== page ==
BoomeRangers A Verse Play for Theatre Radio or Animation
Set somewhere in Outback Australia over 100 years after the British atomic bomb tests at Maralinga. The descendants of those animals who managed to survive the explosions now live in a complex network of underground caves, and have developed a new More...
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Publisher: CreateSpace Independent Publishing Platform
Size: 8.00" wide x 10.00" long x 0.41" tall
Set somewhere in Outback Australia over 100 years after the British atomic bomb tests at Maralinga. The descendants of those animals who managed to survive the explosions now live in a complex network of underground caves, and have developed a new society- 'Narkindie'-with its own set of rules and taboos. The eight Tribes: Emu, Red Kangaroo, Rock Wallaby, Possum, Python, Kookaburra, Wombat and Lizard, all co-exist in relative harmony. Up until now. To avoid the perceived dangers of solar radiation the Tribes may only venture outside at dusk, and this and other rigidly enforced restrictions rankle young Boomer and his school friends, who are anxious to leave on the Quest. As it is their final year of school they are thus regarded as 'Rangers', and during their many adventures will meet characters and objects from the past and the future, and ultimately learn that the real purpose of the Quest is to heal the land from the depredations of the humans-the Fellers-before it's all too late. Only Fril, the rebel leader of the Lizard Tribe, has another agenda in mind. Written entirely in verse, with the possibility of adding music and converting it to Rap, Hip-Hop, Techno or whatever feels good, the play has around twenty-eight main parts and the opportunity to involve the whole school community. While concepts for sets may be quite minimal, the many changes in appearance from animals to Fellers and back again, will offer the costume designers plenty of opportunities to be creative.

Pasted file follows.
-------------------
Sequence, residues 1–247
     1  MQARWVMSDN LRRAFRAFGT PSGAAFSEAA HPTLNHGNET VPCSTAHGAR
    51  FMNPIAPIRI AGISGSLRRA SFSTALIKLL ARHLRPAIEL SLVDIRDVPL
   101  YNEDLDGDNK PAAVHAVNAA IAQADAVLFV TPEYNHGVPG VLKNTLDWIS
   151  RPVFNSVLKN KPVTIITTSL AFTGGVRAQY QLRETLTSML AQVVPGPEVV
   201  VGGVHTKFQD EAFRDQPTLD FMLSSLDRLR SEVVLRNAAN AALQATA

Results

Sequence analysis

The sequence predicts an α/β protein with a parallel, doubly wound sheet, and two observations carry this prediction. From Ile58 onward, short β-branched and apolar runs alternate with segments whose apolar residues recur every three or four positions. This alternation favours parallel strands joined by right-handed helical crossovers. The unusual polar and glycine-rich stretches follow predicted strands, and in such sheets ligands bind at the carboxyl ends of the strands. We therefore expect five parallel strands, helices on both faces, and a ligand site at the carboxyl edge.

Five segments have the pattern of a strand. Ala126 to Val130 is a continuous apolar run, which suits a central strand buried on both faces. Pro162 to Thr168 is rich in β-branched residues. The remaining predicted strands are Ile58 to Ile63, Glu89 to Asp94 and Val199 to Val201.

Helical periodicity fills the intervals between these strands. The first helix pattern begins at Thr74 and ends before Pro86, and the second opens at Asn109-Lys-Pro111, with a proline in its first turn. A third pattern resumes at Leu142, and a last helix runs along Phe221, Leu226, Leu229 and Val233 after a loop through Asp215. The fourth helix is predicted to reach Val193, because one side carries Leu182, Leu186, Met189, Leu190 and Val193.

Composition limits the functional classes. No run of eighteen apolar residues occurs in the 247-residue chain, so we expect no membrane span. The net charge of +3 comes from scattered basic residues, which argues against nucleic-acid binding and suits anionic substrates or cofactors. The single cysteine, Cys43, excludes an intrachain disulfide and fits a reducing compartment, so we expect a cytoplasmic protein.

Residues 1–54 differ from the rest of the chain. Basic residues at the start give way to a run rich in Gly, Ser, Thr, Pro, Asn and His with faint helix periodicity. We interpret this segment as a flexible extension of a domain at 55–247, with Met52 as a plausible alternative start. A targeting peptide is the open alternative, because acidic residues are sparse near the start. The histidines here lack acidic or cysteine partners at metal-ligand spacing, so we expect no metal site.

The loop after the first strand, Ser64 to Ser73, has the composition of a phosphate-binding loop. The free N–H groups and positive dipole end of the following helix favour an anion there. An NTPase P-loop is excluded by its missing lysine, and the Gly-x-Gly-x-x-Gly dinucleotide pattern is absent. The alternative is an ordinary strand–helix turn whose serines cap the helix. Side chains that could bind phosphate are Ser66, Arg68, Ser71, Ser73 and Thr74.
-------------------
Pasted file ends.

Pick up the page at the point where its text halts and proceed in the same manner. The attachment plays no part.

Andrew Page-Robertson was born in Scotland and as a teenager moved to Australia where he soon fell in love with the animals and rugged scenery of the Outback. After several years running his own graphic design studio he began painting and writing about the impact European settlement has had on the environment, in particular the effect of the atomic tests at Maralinga. His website boomerangers.com explores this topic, still controversial even after half a century. He lives in Melbourne with his wife and extended family.